As many people have mentioned, this show owes a lot to [[Synecdoche; New York]] (a film that I have very strong memories of and for despite having only seen once, in a haze, ten years ago.) It's also a show in the discourse, which I think belies a little just how deeply weird it gets. This isn't quite a comedy (though there are very, very funny parts — "it's days like these that I curse the Chinese for inventing gunpowder" and the silent birthday party are two of the hardest times I've laughed this year), nor is it quite reality television. It's a show that is very adroitly aware of criticisms that would be leveled its way, and the way it neither absolves itself nor dodges those criticisms in the final two episodes is delightful.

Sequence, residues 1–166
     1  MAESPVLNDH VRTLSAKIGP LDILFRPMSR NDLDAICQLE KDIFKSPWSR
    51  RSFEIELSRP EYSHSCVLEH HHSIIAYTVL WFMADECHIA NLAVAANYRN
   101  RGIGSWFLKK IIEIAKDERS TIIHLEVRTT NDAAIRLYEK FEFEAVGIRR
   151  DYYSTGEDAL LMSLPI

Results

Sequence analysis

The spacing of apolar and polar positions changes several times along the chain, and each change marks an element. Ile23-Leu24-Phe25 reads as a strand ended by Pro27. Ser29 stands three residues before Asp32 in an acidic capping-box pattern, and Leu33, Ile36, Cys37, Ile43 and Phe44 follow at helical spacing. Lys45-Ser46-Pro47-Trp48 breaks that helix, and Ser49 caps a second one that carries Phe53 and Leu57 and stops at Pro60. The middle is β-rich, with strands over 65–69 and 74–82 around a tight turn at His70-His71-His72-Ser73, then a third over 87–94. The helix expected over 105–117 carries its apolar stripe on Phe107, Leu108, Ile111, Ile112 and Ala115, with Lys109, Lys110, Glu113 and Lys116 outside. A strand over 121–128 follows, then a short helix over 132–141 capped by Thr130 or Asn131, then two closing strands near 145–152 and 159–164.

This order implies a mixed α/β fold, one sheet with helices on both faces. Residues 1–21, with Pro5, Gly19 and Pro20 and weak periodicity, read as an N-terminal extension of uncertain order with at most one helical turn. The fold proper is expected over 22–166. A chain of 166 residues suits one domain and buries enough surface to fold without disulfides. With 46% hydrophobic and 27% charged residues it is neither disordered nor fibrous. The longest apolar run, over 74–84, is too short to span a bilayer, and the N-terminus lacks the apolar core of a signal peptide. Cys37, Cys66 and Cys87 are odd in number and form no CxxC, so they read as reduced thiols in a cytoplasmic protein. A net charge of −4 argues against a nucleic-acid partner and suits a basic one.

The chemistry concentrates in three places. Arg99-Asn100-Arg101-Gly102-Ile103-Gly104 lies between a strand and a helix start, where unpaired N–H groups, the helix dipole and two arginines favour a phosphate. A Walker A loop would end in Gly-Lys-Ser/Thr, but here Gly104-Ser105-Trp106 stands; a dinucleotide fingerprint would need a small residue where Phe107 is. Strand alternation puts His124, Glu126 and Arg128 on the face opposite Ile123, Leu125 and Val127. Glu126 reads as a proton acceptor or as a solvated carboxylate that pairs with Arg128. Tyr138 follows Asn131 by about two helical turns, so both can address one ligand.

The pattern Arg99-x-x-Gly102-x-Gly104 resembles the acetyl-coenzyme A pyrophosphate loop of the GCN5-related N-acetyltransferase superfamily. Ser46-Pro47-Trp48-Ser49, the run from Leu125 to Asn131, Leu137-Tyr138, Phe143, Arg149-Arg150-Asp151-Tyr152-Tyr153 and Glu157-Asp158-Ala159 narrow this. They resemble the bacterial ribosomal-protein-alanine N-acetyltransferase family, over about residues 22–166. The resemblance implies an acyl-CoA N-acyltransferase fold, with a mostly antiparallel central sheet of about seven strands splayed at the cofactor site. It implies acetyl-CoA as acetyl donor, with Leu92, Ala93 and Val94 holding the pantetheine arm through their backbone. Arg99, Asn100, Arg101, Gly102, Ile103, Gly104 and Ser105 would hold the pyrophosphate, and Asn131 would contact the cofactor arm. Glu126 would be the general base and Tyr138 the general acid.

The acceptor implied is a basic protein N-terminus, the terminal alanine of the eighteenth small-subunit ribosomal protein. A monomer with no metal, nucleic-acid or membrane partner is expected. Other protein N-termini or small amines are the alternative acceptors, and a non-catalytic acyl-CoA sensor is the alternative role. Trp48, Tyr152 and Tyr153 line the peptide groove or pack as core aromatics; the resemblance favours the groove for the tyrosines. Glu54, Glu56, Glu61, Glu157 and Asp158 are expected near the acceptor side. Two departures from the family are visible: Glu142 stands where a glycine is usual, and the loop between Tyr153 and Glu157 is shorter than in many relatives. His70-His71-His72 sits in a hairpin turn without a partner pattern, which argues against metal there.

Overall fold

I just said a lot of positive things, and none of those things included what the show itself was about, or what I thought the thesis of the show was. I'm not entirely sure how to answer either of those questions; the closest I think I can get is what it's like to take an absurd premise to its even more absurd conclusion. But it was certainly a unique show, and one that I enjoyed spending time with, and one that I will probably spend a lot of time over the next few weeks thinking about.